— Blue Christmas
The Malaysian Insider
Dec 21, 2012
DEC 21 —I just received a notice that the first school staff meeting in preparation for the 2013 school term would be held on December 24.
At first I let it pass and marked the date on my calendar and then I realised it would be Christmas Eve. That is the time when friends and family call on us, when the general mood is about looking back on a wonderful year and planning for an even more wonderful year ahead.
Took a second look at the schedule and it reads a meeting for every day after Christmas Day all the way to December 29. Now that’s the time when families get their children’s stuff ready for school — new shoes, bags, uniforms and water bottles. That is also the time when old friends come back to their hometowns to their aged parents and ask for forgiveness and blessings for a good year ahead. They take the extra time to bond with old classmates and the malls, restaurants and the teh tarik places get filled up with fun, joy and merriment.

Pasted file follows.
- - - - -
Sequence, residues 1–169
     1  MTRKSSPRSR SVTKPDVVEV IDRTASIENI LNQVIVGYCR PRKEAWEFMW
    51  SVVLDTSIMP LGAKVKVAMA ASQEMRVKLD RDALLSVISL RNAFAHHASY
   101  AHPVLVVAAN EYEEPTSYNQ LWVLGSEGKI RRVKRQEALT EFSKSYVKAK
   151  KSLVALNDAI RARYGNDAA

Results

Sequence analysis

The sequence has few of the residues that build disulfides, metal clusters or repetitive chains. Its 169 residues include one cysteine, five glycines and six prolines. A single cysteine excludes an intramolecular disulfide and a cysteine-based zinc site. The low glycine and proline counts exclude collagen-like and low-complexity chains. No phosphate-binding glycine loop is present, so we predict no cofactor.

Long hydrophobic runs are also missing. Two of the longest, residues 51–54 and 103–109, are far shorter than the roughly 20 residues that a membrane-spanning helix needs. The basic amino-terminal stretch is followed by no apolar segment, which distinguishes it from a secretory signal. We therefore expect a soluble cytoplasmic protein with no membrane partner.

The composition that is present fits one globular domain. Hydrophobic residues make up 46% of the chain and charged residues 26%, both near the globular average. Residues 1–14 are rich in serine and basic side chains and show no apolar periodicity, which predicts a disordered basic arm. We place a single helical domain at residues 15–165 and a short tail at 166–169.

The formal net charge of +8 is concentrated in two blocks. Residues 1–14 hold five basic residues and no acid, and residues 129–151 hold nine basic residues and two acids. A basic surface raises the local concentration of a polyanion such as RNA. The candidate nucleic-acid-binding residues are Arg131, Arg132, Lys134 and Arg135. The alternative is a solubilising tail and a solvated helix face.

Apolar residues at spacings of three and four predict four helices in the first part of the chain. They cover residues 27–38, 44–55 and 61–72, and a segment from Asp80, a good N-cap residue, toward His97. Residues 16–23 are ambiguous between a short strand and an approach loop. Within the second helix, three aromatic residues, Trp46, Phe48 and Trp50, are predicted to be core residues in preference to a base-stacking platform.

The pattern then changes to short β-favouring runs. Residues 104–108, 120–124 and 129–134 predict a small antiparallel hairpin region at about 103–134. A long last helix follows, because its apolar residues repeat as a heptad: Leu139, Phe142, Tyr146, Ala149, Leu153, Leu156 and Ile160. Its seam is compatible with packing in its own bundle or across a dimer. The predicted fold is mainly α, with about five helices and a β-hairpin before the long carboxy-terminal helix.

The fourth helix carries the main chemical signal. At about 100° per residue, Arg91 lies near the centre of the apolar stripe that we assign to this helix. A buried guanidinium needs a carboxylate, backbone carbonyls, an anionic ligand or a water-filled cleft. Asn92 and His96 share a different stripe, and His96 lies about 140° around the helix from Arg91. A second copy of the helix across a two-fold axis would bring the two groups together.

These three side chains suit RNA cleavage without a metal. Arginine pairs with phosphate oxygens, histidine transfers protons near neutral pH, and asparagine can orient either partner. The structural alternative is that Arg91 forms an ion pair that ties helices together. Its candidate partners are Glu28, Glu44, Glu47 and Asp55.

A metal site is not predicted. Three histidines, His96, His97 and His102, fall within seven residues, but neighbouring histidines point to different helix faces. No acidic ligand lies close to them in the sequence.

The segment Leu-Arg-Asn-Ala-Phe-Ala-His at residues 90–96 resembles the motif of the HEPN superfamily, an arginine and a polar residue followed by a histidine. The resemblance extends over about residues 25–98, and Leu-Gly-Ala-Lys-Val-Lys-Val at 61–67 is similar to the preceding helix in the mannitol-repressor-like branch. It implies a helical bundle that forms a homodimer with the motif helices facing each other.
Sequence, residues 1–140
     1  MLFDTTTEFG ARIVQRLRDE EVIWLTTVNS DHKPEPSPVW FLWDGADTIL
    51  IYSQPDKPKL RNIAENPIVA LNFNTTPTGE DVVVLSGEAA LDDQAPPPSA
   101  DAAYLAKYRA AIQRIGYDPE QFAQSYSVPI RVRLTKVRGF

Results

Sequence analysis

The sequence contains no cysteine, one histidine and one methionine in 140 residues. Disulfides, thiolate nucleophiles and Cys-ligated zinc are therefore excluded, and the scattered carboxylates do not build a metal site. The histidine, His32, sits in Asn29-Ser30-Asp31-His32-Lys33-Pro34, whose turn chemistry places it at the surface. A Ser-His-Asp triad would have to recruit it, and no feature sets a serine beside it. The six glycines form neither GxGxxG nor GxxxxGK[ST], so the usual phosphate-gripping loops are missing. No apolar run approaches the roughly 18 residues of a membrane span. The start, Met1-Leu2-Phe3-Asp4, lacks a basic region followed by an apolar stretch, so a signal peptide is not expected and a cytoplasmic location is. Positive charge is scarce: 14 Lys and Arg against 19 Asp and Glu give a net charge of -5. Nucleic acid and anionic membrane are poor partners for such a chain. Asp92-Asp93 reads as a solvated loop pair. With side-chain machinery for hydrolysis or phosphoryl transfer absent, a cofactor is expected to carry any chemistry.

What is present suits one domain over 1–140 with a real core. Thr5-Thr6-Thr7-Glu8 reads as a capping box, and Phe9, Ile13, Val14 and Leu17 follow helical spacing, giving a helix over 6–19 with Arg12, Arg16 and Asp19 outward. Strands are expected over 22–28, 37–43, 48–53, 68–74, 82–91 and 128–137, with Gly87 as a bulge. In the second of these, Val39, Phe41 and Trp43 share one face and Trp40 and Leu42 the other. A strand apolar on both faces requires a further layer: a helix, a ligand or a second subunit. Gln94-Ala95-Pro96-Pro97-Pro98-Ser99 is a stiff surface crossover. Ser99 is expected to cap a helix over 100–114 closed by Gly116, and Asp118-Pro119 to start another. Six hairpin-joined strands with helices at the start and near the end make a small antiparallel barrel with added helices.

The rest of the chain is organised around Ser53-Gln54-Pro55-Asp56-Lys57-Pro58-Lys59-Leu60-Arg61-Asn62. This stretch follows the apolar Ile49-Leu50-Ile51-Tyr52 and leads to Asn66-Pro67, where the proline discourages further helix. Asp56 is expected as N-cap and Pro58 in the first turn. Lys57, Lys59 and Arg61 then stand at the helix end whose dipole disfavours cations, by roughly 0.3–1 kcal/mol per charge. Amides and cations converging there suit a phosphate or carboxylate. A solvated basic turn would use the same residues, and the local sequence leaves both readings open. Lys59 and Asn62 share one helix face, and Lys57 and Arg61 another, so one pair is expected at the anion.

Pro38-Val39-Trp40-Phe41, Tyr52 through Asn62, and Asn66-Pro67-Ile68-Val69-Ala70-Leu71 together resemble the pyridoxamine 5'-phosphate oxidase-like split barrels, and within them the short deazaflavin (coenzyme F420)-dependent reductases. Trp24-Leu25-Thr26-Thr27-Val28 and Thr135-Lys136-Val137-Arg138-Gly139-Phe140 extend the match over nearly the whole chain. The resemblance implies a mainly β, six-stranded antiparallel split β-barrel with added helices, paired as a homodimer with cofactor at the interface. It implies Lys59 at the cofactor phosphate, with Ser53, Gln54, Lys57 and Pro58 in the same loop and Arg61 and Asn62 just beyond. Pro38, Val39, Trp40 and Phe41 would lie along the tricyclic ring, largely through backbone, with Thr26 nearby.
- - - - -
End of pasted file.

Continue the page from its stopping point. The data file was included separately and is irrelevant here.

Then it dawned on me that this holiday mood happens on Hari Raya Puasa, on Chinese New Year and on Deepavali and all my friends usually get this extended holidays either through annual leave and through the extra days taken by schools. So why is Christmas different?
Why this urgency to cram in all those meetings into the last week of the year, when really everyone else is on holiday and in the festive mood. Is it to give some kind of impression that while the world is on holiday, we sit in our dingy staff room, with knotted eyebrows sweating away on what needs to be done in the year ahead. Why this charade which goes against the grain of a nice, wholesome family environment?
It appears that we are more keen on showing that we are doing work than actually doing it. I see reams of paper on how implementation should be carried out and then totally screw up the actual implementation because those reams of paper were not prepared or checked with the actual implementers. And to add salt to the wound, we are then fed that cursed adage “If you fail to plan you plan to fail”. The cycle gets repeated ever so often.
Well folks, all this talk just makes me sick … and ah! … in line with another old Chinese proverb that crisis means danger on the one hand and opportunity on the other, I shall lean on the latter … I will be on MC! — aliran.com